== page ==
I also wanted to mention that sometimes your plants will actually change the colors of the flowers. For instance, one of my friends was just telling me today that her mums, at a summer wedding, were yellow. Now, those mums are re-blooming, and they're orange. And, out in my front yard, my zinnias, on one part of the zinnias, the side that goes toward the street, they are now purple. On the side that goes back away from the street, those are now orange zinnias. They had been multicolored up until just recently. So, your plants may actually change colors on you. That was something that I was only aware of this week.

Lisa: That's great. When we lived in Ohio, I've had mums that have kind of, I don't know, talked to each other and said, "Hey, we're all going to change color this year and be a whole new plant." So, I've seen that happen, but I haven't had that happen with my zinnias. It's too hot down here to have a good zinnia growing season, which really makes me sad because I do love those plants. I think they're just so beautiful. But that's really interesting. Thank you.

I guess... Let me see. I'm keeping an eye on the time. The last thing I wanted to talk about was planting seeds. We talked earlier, or last month, about using pelleted seeds. Somebody suggested using a plastic tablecloth and putting holes in the plastic tablecloth to insert your seeds so that you can do it in the house. Cut your holes at your specified distances, and then put your seed in that way. Somebody last month talked about creating a slurry of cornstarch and water and putting the tiny seeds in that and then sowing the seeds. Like put it in a Ziploc bag and using it like a pastry bag. Put your seeds in a tissue or a paper towel and lay it in the bed.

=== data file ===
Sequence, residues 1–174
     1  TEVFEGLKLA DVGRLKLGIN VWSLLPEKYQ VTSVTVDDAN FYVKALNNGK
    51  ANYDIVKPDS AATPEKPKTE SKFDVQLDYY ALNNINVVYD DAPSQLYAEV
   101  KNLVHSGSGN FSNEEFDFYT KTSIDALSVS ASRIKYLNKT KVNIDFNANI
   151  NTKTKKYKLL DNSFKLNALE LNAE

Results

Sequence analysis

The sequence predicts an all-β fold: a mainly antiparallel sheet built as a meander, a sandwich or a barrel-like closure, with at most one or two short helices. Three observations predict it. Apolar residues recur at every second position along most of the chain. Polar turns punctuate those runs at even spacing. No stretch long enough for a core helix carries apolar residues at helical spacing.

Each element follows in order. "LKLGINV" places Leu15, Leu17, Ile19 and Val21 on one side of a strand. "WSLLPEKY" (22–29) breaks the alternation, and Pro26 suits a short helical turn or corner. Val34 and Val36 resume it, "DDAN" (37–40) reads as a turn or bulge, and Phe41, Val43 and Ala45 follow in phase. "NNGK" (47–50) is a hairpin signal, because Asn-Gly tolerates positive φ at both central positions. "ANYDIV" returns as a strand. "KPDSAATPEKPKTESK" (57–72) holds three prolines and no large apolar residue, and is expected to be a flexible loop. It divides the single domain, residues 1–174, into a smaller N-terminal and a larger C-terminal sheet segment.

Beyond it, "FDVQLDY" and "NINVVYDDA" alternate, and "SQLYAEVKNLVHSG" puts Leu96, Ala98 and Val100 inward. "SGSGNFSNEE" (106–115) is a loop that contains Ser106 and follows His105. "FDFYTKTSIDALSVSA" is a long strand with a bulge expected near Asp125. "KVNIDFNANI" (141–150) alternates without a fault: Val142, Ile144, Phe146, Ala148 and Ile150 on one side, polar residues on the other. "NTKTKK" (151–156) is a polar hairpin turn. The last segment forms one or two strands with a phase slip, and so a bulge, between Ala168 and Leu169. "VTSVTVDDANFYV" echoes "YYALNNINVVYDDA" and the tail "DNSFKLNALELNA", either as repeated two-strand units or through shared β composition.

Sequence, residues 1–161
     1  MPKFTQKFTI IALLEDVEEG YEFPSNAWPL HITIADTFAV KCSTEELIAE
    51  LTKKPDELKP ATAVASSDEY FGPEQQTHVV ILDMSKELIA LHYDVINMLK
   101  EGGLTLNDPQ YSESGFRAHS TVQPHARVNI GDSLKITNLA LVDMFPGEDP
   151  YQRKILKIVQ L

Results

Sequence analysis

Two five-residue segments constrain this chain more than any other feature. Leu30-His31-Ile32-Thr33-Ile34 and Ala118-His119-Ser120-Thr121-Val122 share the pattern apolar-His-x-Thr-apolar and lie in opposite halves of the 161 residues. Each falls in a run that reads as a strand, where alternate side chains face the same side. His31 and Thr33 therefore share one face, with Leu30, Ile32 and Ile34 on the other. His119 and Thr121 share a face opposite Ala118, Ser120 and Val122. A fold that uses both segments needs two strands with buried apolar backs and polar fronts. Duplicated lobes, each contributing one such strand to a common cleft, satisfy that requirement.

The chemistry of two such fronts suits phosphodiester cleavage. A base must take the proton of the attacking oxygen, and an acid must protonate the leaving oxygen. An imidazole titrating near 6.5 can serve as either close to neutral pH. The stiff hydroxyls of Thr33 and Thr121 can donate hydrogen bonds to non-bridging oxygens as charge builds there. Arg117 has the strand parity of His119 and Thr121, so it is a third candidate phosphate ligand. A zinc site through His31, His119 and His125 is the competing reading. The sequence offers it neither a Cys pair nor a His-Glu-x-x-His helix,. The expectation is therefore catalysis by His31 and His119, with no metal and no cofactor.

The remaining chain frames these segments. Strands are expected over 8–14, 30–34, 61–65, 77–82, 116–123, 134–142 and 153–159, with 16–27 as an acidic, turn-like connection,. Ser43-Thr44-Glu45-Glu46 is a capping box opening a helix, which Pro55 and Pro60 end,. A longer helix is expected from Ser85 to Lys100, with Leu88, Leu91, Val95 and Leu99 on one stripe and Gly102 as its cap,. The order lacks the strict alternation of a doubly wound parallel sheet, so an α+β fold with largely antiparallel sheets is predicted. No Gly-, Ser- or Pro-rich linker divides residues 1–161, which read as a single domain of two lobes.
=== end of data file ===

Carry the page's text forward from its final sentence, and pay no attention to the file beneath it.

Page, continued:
Then, my favorite, I took a yardstick and I got my Dremel tool out. I notched one side of it every two inches, and I notched the other side every four inches to use as a marker grid. Then, another thing I saw was you put a channel down the center of a yardstick. Open up a channel and then you can use that channel to very specifically put your seeds in.

Tiffany M: This is Tiffany. I also heard, Lisa, that using a egg carton, and that you can sow seeds that way too so that you have the spacing between them.

Lisa: That's a great idea. I like that a lot. Yep, you could put little holes in the bottom of each little egg area and you can have your spacing done.

Tiffany M: Yes.

Debbie G: Sue has a comment also. Go ahead.

Sue: Yeah, on the egg carton, just like with peat pots, make sure you cut them open. You don't have to totally take them apart or anything. Just cut them open so those roots have someplace to go. Sometimes those roots are so tender that they get confused when they come up against the cardboard or the peat. And your plant will die. But if they have an escape hatch to go out into the soil, then you know that your plant can continue living.